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SEX: A Bonkers History explores how sexual behaviour through the ages has shaped civilisation in ways we are only now beginning to discover. Host Amanda Holden shines a light on history's most unknown and risqué sex stories. The show premieres on Sky HISTORY on Monday, 18 September at 9pm.
Ann Summers didn’t just transform the British high street. It opened up the national conversation about sex, empowered millions of women to unashamedly embrace their desires and it livened up bedrooms across the nation.
But who was the unlikely figure who founded the trailblazing brand? Was there even a real Ann Summers? And who was the boundary-smashing woman who made Ann Summers a household name?
The ‘gentleman adventurer’
Ann Summers was the brainchild of one of the most colourful and controversial characters of the 1950s and 60s. His name was Michael George Kimberly Caborn-Waterfield, though everyone knew him as 'Dandy Kim'.
It was a well-deserved moniker. Dandy Kim was a flashy, flamboyant, devilishly handsome rogue about town, who spent his days mingling with aristocrats, romancing film stars and heiresses, and making a fortune through various scurrilous schemes.
The latter included robbing a safe at the lavish Cap d’Antibes villa of Hollywood kingpin Jack Warner, of Warner Bros fame. Dandy Kim did time in a French jail for that particular escapade, but he was soon back in England and mingling in high society once more.
At the start of the 1970s, he launched a rather more legitimate business enterprise which ended up having a much bigger impact than he could have dreamed: a sex shop in the West End of London called 'Ann Summers'.
The start of a new era
Contrary to popular belief, ‘Ann Summers’ isn’t a made-up name for a make-believe person, a la Ted Baker or Dorothy Perkins. In fact, the name of the store was Dandy Kim’s homage to his one-time girlfriend and secretary, Annice Summers.
This wasn’t just a romantic gesture. He was savvy enough to realise that having an attractive, vivacious young woman as the face of his brand would help distance it from the Soho sex shops of popular imagination. However, things quickly unravelled when the pair fell out and Dandy Kim’s status as the true founder became more widely known.
Annice Summers went on to marry a millionaire and start a new life out of the limelight in Italy. But her departure in 1971 proved to be a PR disaster for the fledgling company and it went into voluntary liquidation. Then came its saviours in the form of brothers David and Ralph Gold, who bought it in 1972.
The sibling entrepreneurs, who hailed from a working-class background and had found success through sheer graft, worked hard to bring the brand back from the brink. But the real turning point came in 1979, when David’s daughter, Jacqueline Gold, joined as an intern.
The birth of an iconic brand
Despite being the boss’s daughter, the 19-year-old Jacqueline wasn’t given special privileges. In fact, she was paid less than the tea lady and her main job was handling the payroll. Back then, Ann Summers was still largely the haunt of what Jacqueline described as ‘the seedy raincoat brigade’ and it wasn’t an atmosphere she exactly relished.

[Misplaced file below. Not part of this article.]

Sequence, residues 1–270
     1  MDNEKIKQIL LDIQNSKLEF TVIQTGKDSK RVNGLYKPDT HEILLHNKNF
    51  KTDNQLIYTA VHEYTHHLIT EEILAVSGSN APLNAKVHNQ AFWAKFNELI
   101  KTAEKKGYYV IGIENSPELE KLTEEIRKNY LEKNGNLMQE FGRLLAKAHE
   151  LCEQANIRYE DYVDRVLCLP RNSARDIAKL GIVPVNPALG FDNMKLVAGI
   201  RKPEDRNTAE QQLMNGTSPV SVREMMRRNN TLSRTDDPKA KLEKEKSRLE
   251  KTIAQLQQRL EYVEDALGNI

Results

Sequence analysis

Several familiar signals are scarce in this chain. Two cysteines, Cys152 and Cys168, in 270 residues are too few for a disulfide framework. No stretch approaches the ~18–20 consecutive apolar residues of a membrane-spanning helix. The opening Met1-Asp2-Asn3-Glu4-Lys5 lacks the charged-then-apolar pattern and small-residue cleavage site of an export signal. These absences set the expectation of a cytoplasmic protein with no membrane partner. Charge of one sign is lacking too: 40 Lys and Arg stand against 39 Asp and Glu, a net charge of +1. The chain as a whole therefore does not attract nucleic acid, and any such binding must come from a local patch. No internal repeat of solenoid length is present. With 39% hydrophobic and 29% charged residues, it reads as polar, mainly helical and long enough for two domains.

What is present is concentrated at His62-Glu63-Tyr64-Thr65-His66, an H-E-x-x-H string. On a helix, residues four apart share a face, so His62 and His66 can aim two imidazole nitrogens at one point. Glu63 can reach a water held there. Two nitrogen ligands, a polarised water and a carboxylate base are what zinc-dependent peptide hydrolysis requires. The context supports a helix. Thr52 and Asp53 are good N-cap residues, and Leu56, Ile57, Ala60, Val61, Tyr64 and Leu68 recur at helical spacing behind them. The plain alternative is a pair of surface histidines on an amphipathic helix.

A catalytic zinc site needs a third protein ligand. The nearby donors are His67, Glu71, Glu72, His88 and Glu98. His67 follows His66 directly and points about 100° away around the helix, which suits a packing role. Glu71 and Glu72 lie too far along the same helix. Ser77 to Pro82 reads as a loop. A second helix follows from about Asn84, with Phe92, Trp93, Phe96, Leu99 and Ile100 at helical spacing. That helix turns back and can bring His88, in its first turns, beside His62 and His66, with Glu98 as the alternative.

‘I originally joined Ann Summers for work experience, I had no intention of staying,’ she later told Marie Claire magazine. ‘It was a really male-dominated business – most of the customers were men and only 10% of the women actually went in the shop.’
But she stuck at it, coming up with an innovation that changed the face of the company. Jacqueline took the concept of Tupperware parties – which had seen generations of hostesses promote Tupperware products to their friends at house gatherings – and swapped out the plastic tubs for raunchy underwear and sex toys.
Soon enough, droves of British women were becoming brand ambassadors, throwing spicy shindigs across the nation. The Ann Summers party rapidly emerged as a bona fide British cultural phenomenon, becoming a safe space for women to chat freely about sex, and paving the way for products like vibrators to become a mainstream talking point.
Battling for success
Jacqueline eventually became CEO of Ann Summers, propelling the company to greater and greater success. But it wasn’t easy, with plenty of vehement opposition from those who were perturbed by a progressive brand which unashamedly celebrated female sexuality.
During the course of her career, Jacqueline received serious threats, including a bullet sent in the post when she was planning to open a store in Dublin. She was arrested in Bristol after displaying sex toys at a trade fair.
Despite it all, she rolled Ann Summers stores out across the UK and even took the UK government to court to fight for the right to advertise positions through Jobcentre Plus. The High Court ruled in favour of Ann Summers, dismissing the government’s argument that the ads might ‘embarrass’ jobseekers.
Jacqueline’s work as an ingenious CEO and ardent promoter of women in the workplace helped earn her a CBE in 2016. Sadly, that same year she was diagnosed with breast cancer, but that didn’t put the brakes on her work and activism. When she passed away in 2023, Jacqueline Gold was hailed by numerous figures in the corporate and media worlds. Deborah Meaden, another iconic female entrepreneur, perhaps summed Jacqueline up best, describing her as ‘a visionary and trailblazer for women in business’.